Fevers, check.  Abdominal pain, check.  These are both common symptoms for childhood leukemia.  And, yes, I went there.  I can’t not go there because I have spent too much damn time at the cancer party.  It doesn’t even freaking matter that he was diagnosed with pneumonia on Saturday, because my boy had a fever and had been grappling with one for eleven days.  In my head, he might have leukemia.

And so it went.

Within a matter of about an hour, I had completely convinced myself that it was entirely possible that Mary Tyler Son had leukemia and it was just a matter of time before it was diagnosed.  I could picture us living that grueling, brutal life again — the life of a cancer family.  I had no idea how we would do it with a baby, but we would, because of course, we would have to — what choice did we have?

I imagined the three years of leukemia treatment, generally about a year longer for boys than girls.  I actually hoped for ALL over AML, letters known all too well by the mother of a child who died of cancer.  I considered that the boy would be eight when his treatment was finished, our baby three.  I considered  our youngest growing up in the hospital setting.

I went there, I went deeply there, and I could not stop myself.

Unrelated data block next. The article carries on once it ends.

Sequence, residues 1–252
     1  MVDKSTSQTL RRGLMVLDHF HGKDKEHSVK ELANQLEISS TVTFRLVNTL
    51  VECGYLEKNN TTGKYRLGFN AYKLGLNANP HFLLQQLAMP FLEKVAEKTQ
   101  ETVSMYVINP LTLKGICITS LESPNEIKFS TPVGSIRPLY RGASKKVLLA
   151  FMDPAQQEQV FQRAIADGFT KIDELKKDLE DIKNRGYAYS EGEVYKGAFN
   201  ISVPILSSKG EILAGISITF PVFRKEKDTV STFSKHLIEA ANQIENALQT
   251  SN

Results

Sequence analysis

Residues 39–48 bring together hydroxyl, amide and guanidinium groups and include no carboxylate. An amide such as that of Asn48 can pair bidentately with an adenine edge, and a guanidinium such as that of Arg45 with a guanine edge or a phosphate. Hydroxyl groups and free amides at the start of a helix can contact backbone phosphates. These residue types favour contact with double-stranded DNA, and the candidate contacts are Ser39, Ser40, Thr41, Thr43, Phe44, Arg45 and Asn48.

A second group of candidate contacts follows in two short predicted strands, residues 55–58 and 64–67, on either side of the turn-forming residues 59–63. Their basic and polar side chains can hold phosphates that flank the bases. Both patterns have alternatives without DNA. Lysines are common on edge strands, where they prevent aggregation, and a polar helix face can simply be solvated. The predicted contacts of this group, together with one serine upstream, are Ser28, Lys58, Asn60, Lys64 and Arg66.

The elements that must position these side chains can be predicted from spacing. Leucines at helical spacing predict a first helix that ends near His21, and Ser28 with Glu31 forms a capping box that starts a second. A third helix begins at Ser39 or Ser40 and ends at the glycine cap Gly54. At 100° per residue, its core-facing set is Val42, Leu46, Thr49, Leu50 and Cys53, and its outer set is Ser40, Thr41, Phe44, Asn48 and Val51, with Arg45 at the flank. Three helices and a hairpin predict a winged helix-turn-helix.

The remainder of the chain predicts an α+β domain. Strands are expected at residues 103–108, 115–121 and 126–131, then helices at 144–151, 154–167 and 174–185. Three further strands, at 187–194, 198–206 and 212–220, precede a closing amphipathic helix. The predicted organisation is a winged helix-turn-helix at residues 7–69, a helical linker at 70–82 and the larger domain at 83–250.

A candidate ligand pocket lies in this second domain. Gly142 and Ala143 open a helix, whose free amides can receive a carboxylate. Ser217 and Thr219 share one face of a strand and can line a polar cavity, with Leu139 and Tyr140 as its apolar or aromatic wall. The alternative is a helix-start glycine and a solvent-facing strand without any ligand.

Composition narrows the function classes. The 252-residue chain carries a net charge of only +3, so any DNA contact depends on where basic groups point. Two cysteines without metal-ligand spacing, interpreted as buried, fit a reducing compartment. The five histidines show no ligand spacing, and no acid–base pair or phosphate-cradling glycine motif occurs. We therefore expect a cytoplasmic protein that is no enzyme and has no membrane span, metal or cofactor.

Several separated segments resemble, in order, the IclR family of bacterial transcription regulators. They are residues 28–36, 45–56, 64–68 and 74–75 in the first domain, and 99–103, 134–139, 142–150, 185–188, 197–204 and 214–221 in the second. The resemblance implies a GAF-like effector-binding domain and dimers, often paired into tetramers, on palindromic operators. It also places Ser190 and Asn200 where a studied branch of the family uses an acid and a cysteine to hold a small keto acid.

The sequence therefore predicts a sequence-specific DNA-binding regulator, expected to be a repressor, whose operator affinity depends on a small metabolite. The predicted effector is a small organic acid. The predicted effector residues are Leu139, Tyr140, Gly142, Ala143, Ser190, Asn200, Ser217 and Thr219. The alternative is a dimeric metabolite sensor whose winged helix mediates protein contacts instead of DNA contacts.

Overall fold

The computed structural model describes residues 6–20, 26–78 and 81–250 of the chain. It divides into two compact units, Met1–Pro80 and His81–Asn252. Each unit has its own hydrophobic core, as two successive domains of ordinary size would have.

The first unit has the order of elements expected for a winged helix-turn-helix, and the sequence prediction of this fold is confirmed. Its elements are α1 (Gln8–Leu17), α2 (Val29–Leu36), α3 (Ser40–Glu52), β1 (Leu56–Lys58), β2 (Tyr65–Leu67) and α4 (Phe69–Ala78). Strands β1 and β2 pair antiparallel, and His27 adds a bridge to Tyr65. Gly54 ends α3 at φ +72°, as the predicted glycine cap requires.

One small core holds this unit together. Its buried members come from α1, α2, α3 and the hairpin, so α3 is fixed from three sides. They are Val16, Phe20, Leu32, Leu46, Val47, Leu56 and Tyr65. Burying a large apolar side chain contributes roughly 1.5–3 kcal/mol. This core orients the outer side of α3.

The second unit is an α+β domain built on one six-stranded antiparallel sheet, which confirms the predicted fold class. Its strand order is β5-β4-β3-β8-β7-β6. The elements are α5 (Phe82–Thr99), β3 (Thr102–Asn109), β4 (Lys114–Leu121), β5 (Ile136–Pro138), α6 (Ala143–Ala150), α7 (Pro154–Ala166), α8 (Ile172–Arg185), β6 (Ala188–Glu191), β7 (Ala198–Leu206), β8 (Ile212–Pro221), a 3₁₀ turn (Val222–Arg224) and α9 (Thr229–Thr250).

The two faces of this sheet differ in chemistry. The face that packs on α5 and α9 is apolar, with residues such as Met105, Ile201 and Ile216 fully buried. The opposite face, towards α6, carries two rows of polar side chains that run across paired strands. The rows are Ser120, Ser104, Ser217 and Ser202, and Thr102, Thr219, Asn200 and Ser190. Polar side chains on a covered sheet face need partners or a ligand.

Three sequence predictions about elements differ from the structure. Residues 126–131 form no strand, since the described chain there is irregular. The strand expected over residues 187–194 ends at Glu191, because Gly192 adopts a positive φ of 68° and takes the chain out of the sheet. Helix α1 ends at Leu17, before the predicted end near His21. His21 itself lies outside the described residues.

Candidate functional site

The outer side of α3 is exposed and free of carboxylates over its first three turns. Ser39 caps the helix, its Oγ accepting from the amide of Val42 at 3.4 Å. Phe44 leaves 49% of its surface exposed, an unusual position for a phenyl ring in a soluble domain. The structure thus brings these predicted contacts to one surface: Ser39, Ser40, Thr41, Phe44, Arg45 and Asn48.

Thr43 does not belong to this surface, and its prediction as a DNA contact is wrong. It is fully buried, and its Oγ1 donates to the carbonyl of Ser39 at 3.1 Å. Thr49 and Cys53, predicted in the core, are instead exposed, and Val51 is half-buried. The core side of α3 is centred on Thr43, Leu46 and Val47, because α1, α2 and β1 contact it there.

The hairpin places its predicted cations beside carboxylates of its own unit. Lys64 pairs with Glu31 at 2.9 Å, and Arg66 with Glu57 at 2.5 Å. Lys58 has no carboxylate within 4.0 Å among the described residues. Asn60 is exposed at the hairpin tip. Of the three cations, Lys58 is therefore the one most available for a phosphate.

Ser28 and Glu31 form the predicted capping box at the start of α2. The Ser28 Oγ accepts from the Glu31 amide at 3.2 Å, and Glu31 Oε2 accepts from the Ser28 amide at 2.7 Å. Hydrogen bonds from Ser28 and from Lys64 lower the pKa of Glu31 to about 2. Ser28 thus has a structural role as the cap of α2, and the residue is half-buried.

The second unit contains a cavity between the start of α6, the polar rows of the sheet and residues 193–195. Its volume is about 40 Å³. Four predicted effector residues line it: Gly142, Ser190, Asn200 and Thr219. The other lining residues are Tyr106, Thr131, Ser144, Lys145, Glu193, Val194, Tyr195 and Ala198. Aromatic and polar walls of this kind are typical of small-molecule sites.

As the doctor instructed us last weekend, to call if the fever returned, I did.  Sure enough, she wanted to see us and confirmed she would run a CBC — more letters you know the meaning of when you have mothered a child with cancer (complete blood count).  That freaked me the hell out, as it just confirmed my own worst fears.

I saw myself in the little exam room with both sons, hearing the devastating news.  I would cry, because now I knew what cancer was, but I would collect myself quickly, because I also know a cancer parent needs to be strong for their child.  I know too damn much.

Long story short, my son does not have leukemia.  His CBC was normal, the differentials were solid, and there were no blasts in his blood.  We celebrated at Dunkin Donuts.  I cried with relief in the waiting room, but only for a minute.

My invitation to the cancer party, even as a plus one, has resulted in PTSD.  I can’t not catastrophize.  I am grateful that it has happened only a handful of times in the four years since my daughter died.  I know this is something my sons will cope with, so I work hard to breathe and reason and discuss and understand how my trauma might impact them negatively.

This afternoon I reached out to two Facebook friends, both of whom have sons in active treatment for leukemia.  They graciously shared with me the symptoms their sons experienced at diagnosis.  I read those symptom lists and I was embarrassed and ashamed that I had drawn them into my trauma/drama.  My son had nothing remotely like what they described.  My son had a confirmed diagnosis of pneumonia and a lingering low grade fever.

Tonight, my son went to bed with that same fever.  He vomited this afternoon.  A lot of vomit.  He will not go to school tomorrow.  But his CBC is clear and he has no blasts, so I will sleep soundly.  Unless it’s lymphoma, because I haven’t Googled if lymphoma can be detected with a CBC.  And I won’t, because I know I shouldn’t.

This party blows.  I wish my invitation had gotten lost in the mail.